Informal Lease Extensions
Carrying out an informal (voluntary) lease extension does not have to extend by 90 years or reduce the ground rent to effectively nothing. The parties may choose to agree something completely different. This could result in the ground rent staying the same or even increasing over time. The informal route does not include the serving of a Section 42 Notice (Leasehold Reform, Housing and Urban Development Act 1993) or equivalent, so you cannot ultimately force the Freeholder to come to terms and negotiate over a disputed valuation.
Advantages to an informal extension
- You can get a lease for any length of term.
- Saves you paying for a section 42 notice.
- Makes it more affordable if you can’t afford 90 years but can afford a lower number of years.
Disadvantages to an informal extension
- No guarantee the process will complete.
- The process doesn’t follow the strict time line set in the Leasehold Reform Act, meaning either side can delay matters
- The valuation isn’t calculated using the formula in the Act – the Freeholder can charge anything they like.
- You may still have to pay ground rent.
Formal Lease Extension
The formal lease extension route, which is recommended, is enshrined in law (The Leasehold Reform Act 1993 as amended). It involves a qualified Chartered Surveyor (who is also RICS registered valuer) to provide you with a lease extension valuation, then using this figure as a basis for instructing a solicitor to serve your landlord/freeholder with a Section 42 Tenant's Notice to inform them of your intentions to extend the lease.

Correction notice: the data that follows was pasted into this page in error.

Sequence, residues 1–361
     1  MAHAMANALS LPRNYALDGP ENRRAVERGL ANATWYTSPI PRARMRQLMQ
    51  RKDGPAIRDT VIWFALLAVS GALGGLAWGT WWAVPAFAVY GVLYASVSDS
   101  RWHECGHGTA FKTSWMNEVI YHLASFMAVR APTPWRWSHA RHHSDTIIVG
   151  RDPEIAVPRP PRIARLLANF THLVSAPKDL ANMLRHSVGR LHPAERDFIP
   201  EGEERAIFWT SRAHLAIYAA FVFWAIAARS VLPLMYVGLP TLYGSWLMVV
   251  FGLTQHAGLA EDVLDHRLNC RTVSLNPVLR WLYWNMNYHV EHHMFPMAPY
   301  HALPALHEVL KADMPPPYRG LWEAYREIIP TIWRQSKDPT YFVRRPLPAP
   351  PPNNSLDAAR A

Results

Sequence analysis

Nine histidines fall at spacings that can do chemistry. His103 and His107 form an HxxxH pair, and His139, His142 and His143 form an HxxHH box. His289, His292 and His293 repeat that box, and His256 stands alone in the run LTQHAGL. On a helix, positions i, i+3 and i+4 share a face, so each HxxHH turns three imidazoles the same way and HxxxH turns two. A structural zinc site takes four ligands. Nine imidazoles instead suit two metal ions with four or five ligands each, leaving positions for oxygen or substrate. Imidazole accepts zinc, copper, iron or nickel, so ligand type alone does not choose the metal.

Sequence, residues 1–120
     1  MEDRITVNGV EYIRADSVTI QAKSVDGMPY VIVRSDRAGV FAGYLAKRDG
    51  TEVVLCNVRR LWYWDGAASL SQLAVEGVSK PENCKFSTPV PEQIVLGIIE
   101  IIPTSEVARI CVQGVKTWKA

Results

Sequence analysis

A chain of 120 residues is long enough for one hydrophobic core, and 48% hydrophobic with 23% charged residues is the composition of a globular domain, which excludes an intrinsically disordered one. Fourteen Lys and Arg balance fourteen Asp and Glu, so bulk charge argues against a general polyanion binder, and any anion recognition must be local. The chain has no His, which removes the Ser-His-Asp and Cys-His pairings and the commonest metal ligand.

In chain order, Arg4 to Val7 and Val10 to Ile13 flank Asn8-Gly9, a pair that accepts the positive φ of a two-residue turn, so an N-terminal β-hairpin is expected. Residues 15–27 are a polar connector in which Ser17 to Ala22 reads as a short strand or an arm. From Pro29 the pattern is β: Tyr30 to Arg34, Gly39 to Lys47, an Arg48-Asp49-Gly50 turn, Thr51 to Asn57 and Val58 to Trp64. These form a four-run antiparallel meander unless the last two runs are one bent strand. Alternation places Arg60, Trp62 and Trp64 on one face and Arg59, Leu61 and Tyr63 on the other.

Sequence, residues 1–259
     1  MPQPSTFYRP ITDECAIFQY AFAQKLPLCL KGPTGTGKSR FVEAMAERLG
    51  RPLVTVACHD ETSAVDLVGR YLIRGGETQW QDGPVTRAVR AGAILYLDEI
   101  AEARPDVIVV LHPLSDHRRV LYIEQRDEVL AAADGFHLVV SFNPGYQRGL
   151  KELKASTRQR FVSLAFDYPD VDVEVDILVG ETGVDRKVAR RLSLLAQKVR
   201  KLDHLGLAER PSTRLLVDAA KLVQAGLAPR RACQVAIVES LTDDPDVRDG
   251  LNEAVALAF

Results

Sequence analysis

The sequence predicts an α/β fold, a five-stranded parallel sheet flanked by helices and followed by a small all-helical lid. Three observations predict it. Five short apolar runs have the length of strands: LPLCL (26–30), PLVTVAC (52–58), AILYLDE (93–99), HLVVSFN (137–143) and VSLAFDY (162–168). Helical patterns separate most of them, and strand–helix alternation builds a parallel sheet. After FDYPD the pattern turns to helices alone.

Your freeholder, if available, must respond and they can either agree, with or without conditions, or disagree. Should they disagree, you (or they) have the option to take the matter to a Leasehold Valuation Tribunal which makes a final decision binding on both parties. Should you or they choose to take the tribunal option, this has to be done between 2 and 6 months of the date of service of the freeholders Section 45 Counter-Notice.
- You get a lease with an additional 90 years on top of the current lease term
- The ground rent goes to peppercorn (effectively zero)
- The process must follow a prescribed route with deadlines set for completion
- The premium is calculated the formula contained within the Act. Where there is less than 80 years remaining, the scope for negotiating is greater.
- You must extend for 90 years and be able to pay the premium.
At Websters our Chartered Surveyors (who are also RICS registered valuers) have the necessary knowledge and expertise to carry out surveys across London and the South East.
We endeavour to provide valuation advice in compliance with the RICS Valuation – Global Standards, also referred to as the RICS ‘Red Book’. This document sets out the gold standard for undertaking valuations through a quality assured process, so you can have confidence that consistency, objectivity, transparency and a high standard of service is maintained.